Being Arab: Ethnic and Religious Identity Building among Second Generation Youth in Montreal

Being Arab: Ethnic and Religious Identity Building among Second Generation Youth in Montreal

Being Arab: Ethnic and Religious Identity Building among Second Generation Youth in Montreal

Being Arab: Ethnic and Religious Identity Building among Second Generation Youth in Montreals

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Référence bibliographique [2599]

Eid, Paul. 2007. Being Arab: Ethnic and Religious Identity Building among Second Generation Youth in Montreal. Montreal: McGill-Queen’s University Press.

Fiche synthèse

1. Objectifs


Intentions :
« In the case of second-generation Arab Canadians it is interesting to examine whether their ethnic self-concepts are sustained through ethnically based socialization processes, thus contributing to their incorporation into a shared ethnic culture, and integrated ethnic community. » (p. ix-x)

2. Méthode


Échantillon/Matériau :
« The target population for this study consists of Muslim and Christian students of Arab origin [250] from 5 selected cegeps in Greater Montreal. The students, whose parents had both migrated from an Arab country, were between seventeen and twenty-four years of age. The selected institutions were Cegep Saint-Laurent, Collège de Bois-de-Boulogne, Collège Ahuntsic, Collège Montmorency, and Vanier College. » (p. 42)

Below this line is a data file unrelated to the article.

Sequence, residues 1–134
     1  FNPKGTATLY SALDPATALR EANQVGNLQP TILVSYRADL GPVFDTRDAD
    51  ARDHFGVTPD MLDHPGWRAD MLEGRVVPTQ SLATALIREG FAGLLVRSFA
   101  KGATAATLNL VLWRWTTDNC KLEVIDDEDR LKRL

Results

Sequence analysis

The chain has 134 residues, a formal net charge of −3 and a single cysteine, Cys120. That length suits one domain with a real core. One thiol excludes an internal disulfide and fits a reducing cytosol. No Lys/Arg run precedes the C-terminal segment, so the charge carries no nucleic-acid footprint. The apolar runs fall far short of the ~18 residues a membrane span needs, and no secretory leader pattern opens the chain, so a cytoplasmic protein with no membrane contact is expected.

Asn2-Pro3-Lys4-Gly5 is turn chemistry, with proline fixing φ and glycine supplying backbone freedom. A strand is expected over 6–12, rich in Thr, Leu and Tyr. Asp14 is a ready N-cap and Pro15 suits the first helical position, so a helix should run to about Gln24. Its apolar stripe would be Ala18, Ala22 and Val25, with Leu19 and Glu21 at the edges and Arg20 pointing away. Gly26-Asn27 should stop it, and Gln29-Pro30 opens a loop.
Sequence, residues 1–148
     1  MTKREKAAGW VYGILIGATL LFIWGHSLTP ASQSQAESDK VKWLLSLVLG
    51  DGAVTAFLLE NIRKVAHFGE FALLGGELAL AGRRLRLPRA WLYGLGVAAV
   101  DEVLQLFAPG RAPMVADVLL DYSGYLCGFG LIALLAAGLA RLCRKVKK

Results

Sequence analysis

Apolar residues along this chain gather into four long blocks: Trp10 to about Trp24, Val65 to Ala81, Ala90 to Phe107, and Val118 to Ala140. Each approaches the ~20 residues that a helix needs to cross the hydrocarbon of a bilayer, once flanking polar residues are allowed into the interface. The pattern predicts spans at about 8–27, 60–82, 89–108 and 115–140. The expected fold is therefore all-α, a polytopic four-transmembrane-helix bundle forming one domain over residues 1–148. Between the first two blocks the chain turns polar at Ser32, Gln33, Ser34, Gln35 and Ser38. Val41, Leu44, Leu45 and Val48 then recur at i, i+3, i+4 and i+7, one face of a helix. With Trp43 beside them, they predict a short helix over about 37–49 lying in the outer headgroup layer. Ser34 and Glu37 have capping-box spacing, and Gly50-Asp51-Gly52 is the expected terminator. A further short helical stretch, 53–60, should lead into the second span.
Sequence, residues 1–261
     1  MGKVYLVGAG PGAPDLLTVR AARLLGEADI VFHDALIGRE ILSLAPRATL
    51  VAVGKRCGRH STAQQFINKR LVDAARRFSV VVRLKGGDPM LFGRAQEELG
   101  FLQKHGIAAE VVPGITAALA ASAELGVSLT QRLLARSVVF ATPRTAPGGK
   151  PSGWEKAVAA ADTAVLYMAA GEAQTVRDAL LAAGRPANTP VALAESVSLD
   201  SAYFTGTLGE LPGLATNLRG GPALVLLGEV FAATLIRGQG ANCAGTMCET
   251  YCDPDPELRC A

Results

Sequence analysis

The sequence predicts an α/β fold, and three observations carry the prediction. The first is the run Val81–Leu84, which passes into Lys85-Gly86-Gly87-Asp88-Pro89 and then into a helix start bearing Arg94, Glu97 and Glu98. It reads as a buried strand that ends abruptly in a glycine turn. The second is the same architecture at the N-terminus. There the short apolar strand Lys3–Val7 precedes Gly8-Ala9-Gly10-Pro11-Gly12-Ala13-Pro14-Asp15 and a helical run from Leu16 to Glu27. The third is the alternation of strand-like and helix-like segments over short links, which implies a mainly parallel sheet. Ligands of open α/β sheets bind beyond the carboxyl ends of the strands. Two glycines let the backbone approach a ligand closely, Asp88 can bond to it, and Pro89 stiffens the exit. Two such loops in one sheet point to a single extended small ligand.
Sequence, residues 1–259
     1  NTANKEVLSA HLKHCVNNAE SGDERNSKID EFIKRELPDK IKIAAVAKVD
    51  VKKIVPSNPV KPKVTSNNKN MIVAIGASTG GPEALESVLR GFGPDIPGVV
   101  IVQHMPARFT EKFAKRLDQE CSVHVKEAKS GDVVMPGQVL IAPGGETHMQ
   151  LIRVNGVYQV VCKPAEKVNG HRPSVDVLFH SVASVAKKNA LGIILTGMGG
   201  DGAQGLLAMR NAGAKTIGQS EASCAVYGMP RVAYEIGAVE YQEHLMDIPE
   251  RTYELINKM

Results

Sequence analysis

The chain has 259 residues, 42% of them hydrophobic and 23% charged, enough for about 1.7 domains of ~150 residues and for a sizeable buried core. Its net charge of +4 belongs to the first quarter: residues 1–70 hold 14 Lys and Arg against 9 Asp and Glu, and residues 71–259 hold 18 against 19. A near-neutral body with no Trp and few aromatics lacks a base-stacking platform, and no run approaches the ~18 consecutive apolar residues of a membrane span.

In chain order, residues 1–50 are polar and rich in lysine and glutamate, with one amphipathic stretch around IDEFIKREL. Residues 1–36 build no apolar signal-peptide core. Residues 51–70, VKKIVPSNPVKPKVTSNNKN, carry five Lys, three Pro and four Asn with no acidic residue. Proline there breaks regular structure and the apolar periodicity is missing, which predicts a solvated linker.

Instruments :
- Questionnaire
- Guide d’entretien non directif (entrevues en profondeur menées auprès de 16 personnes)

Type de traitement des données :
Analyse statistique et analyse de contenu

3. Résumé


« Paul Eid focuses on the experiences of students from five colleges in Montreal to explore how Muslim and Christian Arab-Canadian youth actually negotiate their ethnic and religious identities. Paying close attention to the views of second generation Arab-Canadians about prejudice and discrimination in Canadian Society, Eid finds that while the Arab youth generally feel accepted, they also downplay their Arab background to ward off anticipated prejudice. He analyses the extent to which social and cultural practises are structured along ethnic and religious lines and also considers the influence of parental socialization, gender-related traditionalism, and perceived discrimination and stereotyping on Arab-Candian youth. » (quatrième de couverture) The section parental commitment to ethnic identity transmission « [...] examines how respondents perceive, and relate to, strategies, attitudes, and behaviours (conscious or unconscious) aimed at ethnocultural identity transmission. » (p. 93)